Synergism/spoiling the Egyptians: since all truth is God’s truth, Christians should add the best of psychology to what the Bible teaches.
They claim to use Scripture to critically exam the findings of psychology.
There’s a third Christian approach and I’m moving in the spectrum from all psychology, primarily psychology with some verses mixed in and as a third perspective that would say since all truth is God’s truth, that we should have the Bible as our primary resource, but add to that the best of psychology. Many years ago, Larry Crabb called this approach spoiling the Egyptians, just as the Israelites were able to get gold and silver and clothes from the Egyptians when they fled after the Passover in the exodus, that we can kind of take from psychology the good things and somehow that will make us better at helping people. And this is better isn’t it? And they would say that they wanna use the Bible to critically examine their psychological training, the findings of psychology and people in this part of the spectrum, I think, make a real effort to use the Bible, to not just follow blindly what psychology says and I know of people who are licensed therapists and some would call themselves biblical counselors along with that, who would really go against a lot of the tenets of psychology and they take their, they bring their biblical worldview into how they practice.
They have the same problems as the integrationists.
However, I think there’s also some downsides. As I read some of the people who claim to take this approach, oftentimes, their psychological training still seems to dominate their perspective and what they teach. Some of them actually, it’s kind of like, it’s interesting, they’ll be something in psychology that’ll be like the silver bullet that this author, that author, be it boundaries, they’re building their system around a psychological model. I know in one of Larry Crabb’s early works, he took Maslow’s hierarchy of needs, which is taught even in business school, you know, how people work and how first people need to have their physical needs taken care of, and then they need security, that I guess, not only there’s alive today, will be alive tomorrow, then they need love and then purpose, then the ultimate is self-actualization and in one of his books, he tried to show how the Bible addresses all those needs. And to some degree, God certainly is our security, he meets our needs physically, it’s through Him we have love and purpose.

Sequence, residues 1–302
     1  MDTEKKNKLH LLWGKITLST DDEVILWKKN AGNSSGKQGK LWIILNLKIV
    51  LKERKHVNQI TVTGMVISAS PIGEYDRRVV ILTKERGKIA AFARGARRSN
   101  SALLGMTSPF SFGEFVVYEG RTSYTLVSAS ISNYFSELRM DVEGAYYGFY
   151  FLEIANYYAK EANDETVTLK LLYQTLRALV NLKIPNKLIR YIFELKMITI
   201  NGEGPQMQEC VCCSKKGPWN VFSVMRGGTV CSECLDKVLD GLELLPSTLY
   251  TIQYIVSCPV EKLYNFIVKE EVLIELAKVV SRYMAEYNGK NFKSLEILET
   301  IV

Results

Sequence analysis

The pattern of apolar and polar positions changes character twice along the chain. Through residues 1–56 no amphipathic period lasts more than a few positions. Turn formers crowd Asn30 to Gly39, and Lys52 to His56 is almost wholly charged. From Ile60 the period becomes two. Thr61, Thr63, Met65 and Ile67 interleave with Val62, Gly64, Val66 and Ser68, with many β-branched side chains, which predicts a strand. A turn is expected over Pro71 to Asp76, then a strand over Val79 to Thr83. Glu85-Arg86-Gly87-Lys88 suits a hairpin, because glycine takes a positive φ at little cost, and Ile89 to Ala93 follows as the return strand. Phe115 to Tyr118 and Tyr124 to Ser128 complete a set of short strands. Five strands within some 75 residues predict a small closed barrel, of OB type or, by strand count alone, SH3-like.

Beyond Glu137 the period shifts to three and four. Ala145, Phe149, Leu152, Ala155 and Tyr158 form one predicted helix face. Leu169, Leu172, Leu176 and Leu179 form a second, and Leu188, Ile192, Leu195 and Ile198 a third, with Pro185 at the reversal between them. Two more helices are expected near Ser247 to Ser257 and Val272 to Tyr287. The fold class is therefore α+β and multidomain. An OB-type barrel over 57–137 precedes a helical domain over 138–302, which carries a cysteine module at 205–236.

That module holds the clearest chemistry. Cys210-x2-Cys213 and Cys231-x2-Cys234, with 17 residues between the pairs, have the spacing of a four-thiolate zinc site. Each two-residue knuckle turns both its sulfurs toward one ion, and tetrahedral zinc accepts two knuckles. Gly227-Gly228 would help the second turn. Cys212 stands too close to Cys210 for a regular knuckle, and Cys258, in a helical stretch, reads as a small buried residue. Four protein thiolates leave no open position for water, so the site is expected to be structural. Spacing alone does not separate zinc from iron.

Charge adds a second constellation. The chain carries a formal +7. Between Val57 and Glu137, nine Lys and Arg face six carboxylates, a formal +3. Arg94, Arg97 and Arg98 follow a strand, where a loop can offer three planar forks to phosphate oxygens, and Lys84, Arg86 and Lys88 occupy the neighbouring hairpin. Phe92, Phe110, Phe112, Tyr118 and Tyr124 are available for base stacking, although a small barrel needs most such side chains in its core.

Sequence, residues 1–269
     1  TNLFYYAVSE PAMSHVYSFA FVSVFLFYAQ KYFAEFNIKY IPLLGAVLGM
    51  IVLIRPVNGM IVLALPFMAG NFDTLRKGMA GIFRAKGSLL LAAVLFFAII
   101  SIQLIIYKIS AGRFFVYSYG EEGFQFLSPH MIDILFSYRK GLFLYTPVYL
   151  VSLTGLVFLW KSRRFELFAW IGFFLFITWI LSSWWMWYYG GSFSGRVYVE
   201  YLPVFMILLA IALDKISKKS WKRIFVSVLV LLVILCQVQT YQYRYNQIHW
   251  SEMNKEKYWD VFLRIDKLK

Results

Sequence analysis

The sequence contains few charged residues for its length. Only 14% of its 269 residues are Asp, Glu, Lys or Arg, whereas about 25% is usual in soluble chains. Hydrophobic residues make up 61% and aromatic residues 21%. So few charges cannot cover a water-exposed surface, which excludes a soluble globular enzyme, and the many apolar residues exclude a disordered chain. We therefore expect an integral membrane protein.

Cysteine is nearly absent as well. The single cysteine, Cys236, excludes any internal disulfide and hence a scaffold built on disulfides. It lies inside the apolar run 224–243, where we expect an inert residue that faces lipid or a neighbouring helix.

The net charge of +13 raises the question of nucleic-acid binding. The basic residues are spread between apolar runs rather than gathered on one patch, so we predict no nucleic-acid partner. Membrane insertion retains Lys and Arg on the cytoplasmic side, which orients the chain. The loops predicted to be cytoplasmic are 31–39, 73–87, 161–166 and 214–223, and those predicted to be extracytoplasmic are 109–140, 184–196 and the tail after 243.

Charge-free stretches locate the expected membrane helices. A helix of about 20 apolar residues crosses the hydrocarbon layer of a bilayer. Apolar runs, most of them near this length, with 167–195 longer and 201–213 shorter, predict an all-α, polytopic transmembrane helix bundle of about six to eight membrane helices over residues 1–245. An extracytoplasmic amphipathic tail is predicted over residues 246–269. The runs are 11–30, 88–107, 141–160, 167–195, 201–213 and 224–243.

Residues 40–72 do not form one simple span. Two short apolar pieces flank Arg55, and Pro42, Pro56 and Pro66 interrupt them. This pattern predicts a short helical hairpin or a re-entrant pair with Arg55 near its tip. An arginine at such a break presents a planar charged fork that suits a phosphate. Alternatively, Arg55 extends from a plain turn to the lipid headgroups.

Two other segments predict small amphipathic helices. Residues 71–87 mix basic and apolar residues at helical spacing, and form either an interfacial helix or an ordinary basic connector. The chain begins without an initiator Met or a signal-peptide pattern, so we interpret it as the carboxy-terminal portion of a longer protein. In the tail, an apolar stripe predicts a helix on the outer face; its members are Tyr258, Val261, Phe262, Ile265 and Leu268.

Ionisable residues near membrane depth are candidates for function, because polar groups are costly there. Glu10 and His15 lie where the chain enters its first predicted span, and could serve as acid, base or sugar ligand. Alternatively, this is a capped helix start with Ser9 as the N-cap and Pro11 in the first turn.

Their system is usually built around extra-biblical concepts.
That thing on the top of the pyramid’s kinda hard to square with scripture, though, the self-actualization thing. And the problem is, that model would never be derived from scripture. If you’re saying, well, what’s the chief end of man if you’re reading the Bible, you wouldn’t say the best thing that ever happened to a human being is to be self-actualized, no, the chief end of man is to glorify God, love God, love others. And so, it’s better, but it’s still flawed and I think the problem is, that if you’ve spent ten years of your life studying this, hundreds of hours of practice being supervised, you’ve gone through the whole process, your big book will tend to be your psychological training, and the Bible becomes the smaller book. And, again, you read the books of those who claim to be in this perspective and you can just read through it, how these concepts have kind of infiltrated, and I think, weakened, if not poisoned what they’re saying. One Christian author says, quote, low self-esteem is Satan’s deadliest weapon. And I don’t think he even tried to have a verse for that.
Gary Collins writes, love hope, compassion, forgiving, caring, kindness, confrontation, and a host of other concepts are shared by theologians and psychologists. Now, that sounds, on the surface, right because we use those words, but for a Christian, my concept of what each of those words means is entirely different than a secular psychologist. For me, this is love, that God sent his Son into the world and my hope is a hope that is ultimately found in Christ and in eternity and forgiveness is something I do as God did for me, so the words are similar, but the concepts are very, very different. Crabb wrote a book called Inside Out, and at first, it sounds like a good idea, that, okay, well, that means when you deal with the inner person then that deals with the outer person, that does seem to be biblical, but then, as you read more carefully, it’s really presenting somewhat of a Freudian view of human personality and subconscious as opposed to the simplicity of a biblical view. As David Powlison writes, a wrong theory distorts everything.